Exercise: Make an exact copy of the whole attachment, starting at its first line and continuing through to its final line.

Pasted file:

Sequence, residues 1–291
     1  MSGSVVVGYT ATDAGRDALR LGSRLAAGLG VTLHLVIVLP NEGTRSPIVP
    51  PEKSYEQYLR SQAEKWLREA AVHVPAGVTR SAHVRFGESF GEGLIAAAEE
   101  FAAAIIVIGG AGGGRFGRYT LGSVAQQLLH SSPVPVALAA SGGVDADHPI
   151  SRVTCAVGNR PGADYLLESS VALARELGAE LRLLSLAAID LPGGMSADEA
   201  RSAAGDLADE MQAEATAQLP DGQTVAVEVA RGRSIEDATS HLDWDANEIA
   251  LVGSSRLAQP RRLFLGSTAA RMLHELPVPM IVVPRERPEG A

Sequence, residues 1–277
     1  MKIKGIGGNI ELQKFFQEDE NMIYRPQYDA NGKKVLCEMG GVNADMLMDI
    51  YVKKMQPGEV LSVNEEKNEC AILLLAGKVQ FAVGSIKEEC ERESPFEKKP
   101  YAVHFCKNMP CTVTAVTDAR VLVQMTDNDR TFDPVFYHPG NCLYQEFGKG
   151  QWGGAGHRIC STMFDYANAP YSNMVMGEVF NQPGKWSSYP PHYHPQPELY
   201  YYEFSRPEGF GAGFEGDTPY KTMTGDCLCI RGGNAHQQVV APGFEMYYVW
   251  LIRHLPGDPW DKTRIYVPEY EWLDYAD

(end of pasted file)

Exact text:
Sequence, residues 1–291
     1  MSGSVVVGYT ATDAGRDALR LGSRLAAGLG VTLHLVIVLP NEGTRSPIVP
    51  PEKSYEQYLR SQAEKWLREA AVHVPAGVTR SAHVRFGESF GEGLIAAAEE
   101  FAAAIIVIGG AGGGRFGRYT LGSVAQQLLH SSPVPVALAA SGGVDADHPI
   151  SRVTCAVGNR PGADYLLESS VALARELGAE LRLLSLAAID LPGGMSADEA
   201  RSAAGDLADE MQAEATAQLP DGQTVAVEVA RGRSIEDATS HLDWDANEIA
   251  LVGSSRLAQP RRLFLGSTAA RMLHELPVPM IVVPRERPEG A

Sequence, residues 1–277
     1  MKIKGIGGNI ELQKFFQEDE NMIYRPQYDA NGKKVLCEMG GVNADMLMDI
    51  YVKKMQPGEV LSVNEEKNEC AILLLAGKVQ FAVGSIKEEC ERESPFEKKP
   101  YAVHFCKNMP CTVTAVTDAR VLVQMTDNDR TFDPVFYHPG NCLYQEFGKG
   151  QWGGAGHRIC STMFDYANAP YSNMVMGEVF NQPGKWSSYP PHYHPQPELY
   201  YYEFSRPEGF GAGFEGDTPY KTMTGDCLCI RGGNAHQQVV APGFEMYYVW
   251  LIRHLPGDPW DKTRIYVPEY EWLDYAD